Is there a way to declare types for all arguments in a function?

syntax
#1

Let’s look at this function

function foo(a::Int, b::Int, c::Int)::Int 
    return a + b +c
end

Is there a way to say all of a, b and c are Ints instead of repeating? Or is the “right” way to put the arguments in an array and pass the function that instead?

Edit: Ops, completely wrong section at first sorry.

#2

You can do:

julia> function foo(aa::Vararg{Int,3})
       a,b,c = aa
       return a + b +c
       end
       
       
foo (generic function with 1 method)

julia> foo(1,2,3)
6

julia> foo(1,2)
ERROR: MethodError: no method matching foo(::Int64, ::Int64)
Closest candidates are:
  foo(::Int64, ::Int64, ::Int64) at REPL[25]:2
Stacktrace:
 [1] top-level scope at none:0

julia> foo(1,2,3,4)
ERROR: MethodError: no method matching foo(::Int64, ::Int64, ::Int64, ::Int64)
Closest candidates are:
  foo(::Int64, ::Int64, ::Int64) at REPL[25]:2
Stacktrace:
 [1] top-level scope at none:0

but unless there are very many arguments, I find the Vararg less clear.

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#3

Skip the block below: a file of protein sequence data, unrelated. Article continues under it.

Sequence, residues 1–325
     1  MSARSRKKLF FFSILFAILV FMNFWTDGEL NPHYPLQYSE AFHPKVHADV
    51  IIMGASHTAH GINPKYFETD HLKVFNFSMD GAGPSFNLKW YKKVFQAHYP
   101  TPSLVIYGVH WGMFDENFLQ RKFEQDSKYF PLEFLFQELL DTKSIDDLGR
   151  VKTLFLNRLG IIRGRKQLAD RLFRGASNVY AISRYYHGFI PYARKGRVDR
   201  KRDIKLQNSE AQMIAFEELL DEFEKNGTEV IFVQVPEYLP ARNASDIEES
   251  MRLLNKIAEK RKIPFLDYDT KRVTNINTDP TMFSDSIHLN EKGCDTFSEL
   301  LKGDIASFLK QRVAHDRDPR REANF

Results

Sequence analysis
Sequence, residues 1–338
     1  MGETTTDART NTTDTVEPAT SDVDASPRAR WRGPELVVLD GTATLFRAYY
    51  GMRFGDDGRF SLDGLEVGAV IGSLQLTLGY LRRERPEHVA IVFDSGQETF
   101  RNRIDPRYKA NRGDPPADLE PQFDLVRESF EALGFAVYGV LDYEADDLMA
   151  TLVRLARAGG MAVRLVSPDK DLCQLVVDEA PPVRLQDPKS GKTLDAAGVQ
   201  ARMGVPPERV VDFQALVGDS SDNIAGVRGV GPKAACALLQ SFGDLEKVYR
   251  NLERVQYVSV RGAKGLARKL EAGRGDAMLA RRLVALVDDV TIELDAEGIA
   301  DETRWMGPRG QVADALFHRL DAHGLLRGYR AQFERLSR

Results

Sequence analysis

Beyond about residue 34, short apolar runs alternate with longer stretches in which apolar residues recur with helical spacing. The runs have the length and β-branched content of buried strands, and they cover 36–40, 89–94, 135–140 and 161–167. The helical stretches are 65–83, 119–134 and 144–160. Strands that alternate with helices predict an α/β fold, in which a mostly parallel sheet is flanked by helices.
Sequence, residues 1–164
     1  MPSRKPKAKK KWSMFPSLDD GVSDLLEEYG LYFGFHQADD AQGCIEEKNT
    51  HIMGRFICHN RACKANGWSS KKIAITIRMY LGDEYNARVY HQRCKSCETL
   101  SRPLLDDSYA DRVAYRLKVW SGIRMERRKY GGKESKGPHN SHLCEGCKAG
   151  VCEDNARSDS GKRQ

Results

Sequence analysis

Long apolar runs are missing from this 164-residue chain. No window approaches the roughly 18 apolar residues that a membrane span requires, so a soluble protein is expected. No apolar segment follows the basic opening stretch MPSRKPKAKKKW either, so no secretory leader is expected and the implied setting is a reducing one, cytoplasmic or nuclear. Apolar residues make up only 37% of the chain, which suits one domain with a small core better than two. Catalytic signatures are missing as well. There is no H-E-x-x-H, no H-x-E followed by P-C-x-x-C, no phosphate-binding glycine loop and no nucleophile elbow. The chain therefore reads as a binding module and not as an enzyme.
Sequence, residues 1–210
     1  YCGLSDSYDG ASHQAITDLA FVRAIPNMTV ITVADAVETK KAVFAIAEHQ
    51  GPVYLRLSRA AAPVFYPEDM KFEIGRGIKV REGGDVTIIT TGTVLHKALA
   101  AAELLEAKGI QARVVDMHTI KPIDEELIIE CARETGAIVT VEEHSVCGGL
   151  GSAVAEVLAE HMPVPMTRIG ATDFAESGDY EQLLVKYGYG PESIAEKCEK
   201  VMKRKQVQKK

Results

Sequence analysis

If you just want to avoid repetition, you can use a type parameter restricted to a concrete type, eg

function foo(a::T, b::T, c::T)::T where {T <: Int}
    return a + b +c
end

But (as we are in First steps), recall that there is no advantage from declaring types for reasons other than dispatch (broadly). So most experience users of Julia would write

foo(a, b, c) = a + b + c
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#4

Yeah that was kind of what I was looking for thanks! Although you might be right it’s not obvious what’s the clearest.

#5

Good point. Although I still find it slightly confusing when types matter and when they don’t. You haven’t seen the last of me here in first steps to put it like that.

#6

Types in function arguments are generally not related to performance. Think of them as a filter, saying which methods are called for which arguments.

In your example above, your type declarations have zero impact on performance, they just limit your foo to Int arguments. And your return-type declaration is redundant because the compiler can already infer it.

(The whole point of Julia is that you can write type-generic code that is still fast.)

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#7

Simple rule of thumb: put concrete type (or type parameter) annotations on your struct fields, otherwise they are optional.

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#8

Thanks guys, helpful tips. I find it better to go a bit overboard at first, since I’m not used to thinking about types at all. My specialty is slow matlab code with bugs in it so this is new stuff for me. It gives me a sense of accomplishment knowing my bug at least is an Int now.

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